Also weighing in with something colossally heavy is the new release from KHOST on Cold Spring Records. GOVERNANCE immediately grabbed me as a significant step forward for a band already well versed in their mantra of dissonant and mechanical brutality. The tempo is still glacial, and the weight of the tones produced are still near suffocating, but there is a greater than ever sense of dynamic which makes their attack more ferocious. Think of KHOST like that villain in a horror movie that victim is fleeing. The victim is running, the villain is lumbering slowly but rather than fading into the distance, the villain is ever closer, ultimately striking you down. The eerie transmissions between and within tracks are more evident and more cohesive with the whole than ever before, truly haunting. Haunting choral voices give way to mashing great big lumps of rusty metal on ‘Subliminal Chloroform Violation’. The rhythms are still laid down by a computer brain but they have evolved to take in a greater range of percussive styles, as evident on ‘Cloudbank Mausoleum’ (that also features a guest spoken word passage from Oxbow’s Eugene Robinson), ‘Coven’ and ‘Depression’. The KHOST machine shows evidence of further mutations in the unsettlingly subdued ‘Defraction’ and the ominous tones that usher in closing track ‘Stockholm Syndrome’. A bonus inclusion is the deconstruction of ‘Coven’ by Tel Aviv artist Adrian Stainburner. Comparisons between Khost and Godflesh are perhaps unavoidable at times given their shared heritage and more recent collaborative release, but to my ears, Khost are more single mindedly cold and punishing, more akin to Skin Chamber, the extreme metal offshoot of Controlled Bleeding. GOVERNACE is a huge sounding record, bleak and difficult to consume though ultimately rewarding. It contains numerous new shades of ugliness and desolation and should be explored by anyone who wants to know what it would be like if an abandoned factory came to life in musical form. http://store.coldspring.co.uk/
Right, I feel like I have battered you senseless with the offerings in this blog so far, so shall let you go gently. I shall start in the form of a split release from HAWKEYES and THE RADATION FLOWERS. The first of these two Canadian bands HAWKEYES trade in a blissed out hazy stoner doom vibe. The first of their two instrumental contributions, ‘Atom Heart Mother Fuckers Never Learn’ is the perfect way to pass 12 minutes of your time lying on your back on a summers day staring up through the branches of trees while slightly inebriated. It drifts and gently strides its way throughout with a hypnotic riff, soaring post guitars and some gleeful wah wah abuse. ‘Creator Abuser’ contains more acoustic elements, again warm and fuzzy in sound. The guitars pick out some highly enjoyable harmonies while the track casually drifts to its conclusion. THE RADIATION FLOWERS peddle a different breed of sound. Insistent post punk bass lines surge, ebb and flow with shimmering and somewhat noisy guitars on their opening track ’33 Floors Up’ with the resultant sound somehow sounding quite British. The other two tracks tread more firmly in shoegaze territory with the vocals buried pleasantly in the mix with the reverb soaked guitars . ‘Never Fade’ has a more upbeat hands in the air feel to it while ‘Always On The Ground’ has a more hesitant and fragile approach, gaining a hypnotic strength slowly throughout before surging in a pleasantly noisy way to end proceedings. Two different bands with a shared vibe have come together to release something perfect for those rare British sunny afternoon and if you are feeling blue then I would heartily recommend this sonic medicine. hawkeyes.bandcamp.com/ theradiationflowers.bandcamp.com/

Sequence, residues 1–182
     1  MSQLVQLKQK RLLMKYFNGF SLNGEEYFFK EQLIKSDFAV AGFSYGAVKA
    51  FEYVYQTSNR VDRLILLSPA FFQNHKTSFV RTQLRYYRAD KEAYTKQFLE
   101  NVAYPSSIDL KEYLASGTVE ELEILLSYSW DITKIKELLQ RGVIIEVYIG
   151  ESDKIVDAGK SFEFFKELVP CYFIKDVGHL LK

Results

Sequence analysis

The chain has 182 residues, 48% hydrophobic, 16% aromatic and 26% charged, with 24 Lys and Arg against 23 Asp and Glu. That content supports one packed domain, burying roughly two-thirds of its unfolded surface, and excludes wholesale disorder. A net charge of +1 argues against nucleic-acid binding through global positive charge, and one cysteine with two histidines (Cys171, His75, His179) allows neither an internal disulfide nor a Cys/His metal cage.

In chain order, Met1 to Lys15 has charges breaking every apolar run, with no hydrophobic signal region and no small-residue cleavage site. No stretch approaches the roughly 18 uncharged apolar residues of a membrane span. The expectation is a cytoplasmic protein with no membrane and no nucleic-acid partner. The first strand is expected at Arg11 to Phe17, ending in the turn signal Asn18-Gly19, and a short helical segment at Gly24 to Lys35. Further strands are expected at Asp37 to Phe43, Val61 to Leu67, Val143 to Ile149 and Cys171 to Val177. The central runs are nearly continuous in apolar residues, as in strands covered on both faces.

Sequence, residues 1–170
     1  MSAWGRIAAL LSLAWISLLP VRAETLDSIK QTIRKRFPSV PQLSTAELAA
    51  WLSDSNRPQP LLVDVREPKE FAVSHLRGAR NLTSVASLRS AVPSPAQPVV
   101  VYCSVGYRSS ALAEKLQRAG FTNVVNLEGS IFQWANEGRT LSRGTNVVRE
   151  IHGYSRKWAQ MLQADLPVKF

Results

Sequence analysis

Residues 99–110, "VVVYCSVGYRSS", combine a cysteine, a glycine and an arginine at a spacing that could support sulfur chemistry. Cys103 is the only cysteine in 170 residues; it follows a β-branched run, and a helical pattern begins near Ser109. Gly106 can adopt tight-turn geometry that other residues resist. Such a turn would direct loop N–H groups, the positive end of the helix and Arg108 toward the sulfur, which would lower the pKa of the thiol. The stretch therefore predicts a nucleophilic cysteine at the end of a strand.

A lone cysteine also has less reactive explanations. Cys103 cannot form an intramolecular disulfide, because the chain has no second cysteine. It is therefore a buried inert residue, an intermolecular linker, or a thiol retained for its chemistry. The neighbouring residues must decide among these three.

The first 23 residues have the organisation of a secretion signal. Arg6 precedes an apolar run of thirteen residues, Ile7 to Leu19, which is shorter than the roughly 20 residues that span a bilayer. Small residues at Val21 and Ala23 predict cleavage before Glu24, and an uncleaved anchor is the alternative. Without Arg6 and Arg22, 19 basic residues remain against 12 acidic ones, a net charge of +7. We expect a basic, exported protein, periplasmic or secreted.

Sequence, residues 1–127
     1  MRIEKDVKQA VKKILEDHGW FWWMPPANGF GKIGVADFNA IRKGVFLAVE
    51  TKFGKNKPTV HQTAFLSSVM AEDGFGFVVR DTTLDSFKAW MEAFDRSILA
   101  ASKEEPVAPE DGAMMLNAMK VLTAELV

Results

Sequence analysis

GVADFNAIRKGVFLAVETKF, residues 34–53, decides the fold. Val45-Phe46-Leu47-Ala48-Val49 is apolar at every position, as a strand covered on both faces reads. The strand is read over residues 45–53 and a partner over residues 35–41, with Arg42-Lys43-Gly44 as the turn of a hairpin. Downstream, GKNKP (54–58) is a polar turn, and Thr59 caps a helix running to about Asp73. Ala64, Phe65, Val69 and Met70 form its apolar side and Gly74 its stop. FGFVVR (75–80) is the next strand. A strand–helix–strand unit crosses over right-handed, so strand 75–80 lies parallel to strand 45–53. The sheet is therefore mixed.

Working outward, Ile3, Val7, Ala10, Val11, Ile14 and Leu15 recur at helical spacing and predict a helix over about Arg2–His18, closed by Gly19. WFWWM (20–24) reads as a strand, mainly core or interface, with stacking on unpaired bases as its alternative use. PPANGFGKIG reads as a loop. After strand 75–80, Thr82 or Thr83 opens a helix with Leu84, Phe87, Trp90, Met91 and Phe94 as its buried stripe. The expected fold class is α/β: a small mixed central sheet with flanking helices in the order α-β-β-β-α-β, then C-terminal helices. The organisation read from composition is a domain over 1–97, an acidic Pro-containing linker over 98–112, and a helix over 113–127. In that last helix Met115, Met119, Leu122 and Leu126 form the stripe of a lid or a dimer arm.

New on Gizeh Records is a collaborative release between Nadja’s AIDEN BAKER and Belgian drummer KAREN WILLEMS entitled NONLAND. It is by far the gentlest release you will find in this issue of my blog. Six tracks are presented here, reportedly spontaneous and improvised. Baker and Williems exercise restraint throughout to keep these compositions atmospheric and somewhat minimal. While Williems supplies percussion throughout, her contribution is poised and balanced and offers an appropriate counterpoint to Baker’s looped and layered guitars. Baker refrains from his trademark heavier tones and instead experiments with shimmers, swells, delay and tremolo. The key word here is ‘mellow’. The album soundscapes as a whole sound suited to a movie score, perhaps to a Lynchian piece, but could also be equally suited to meditation and spiritual journeying. As for their place in this blog, these sounds are the perfect antidote to a hangover or volume related metal tinnitus incident. Blissful. http://www.gizehrecords.com/gzh74-aidan-baker-and-karen-willems-nonland.html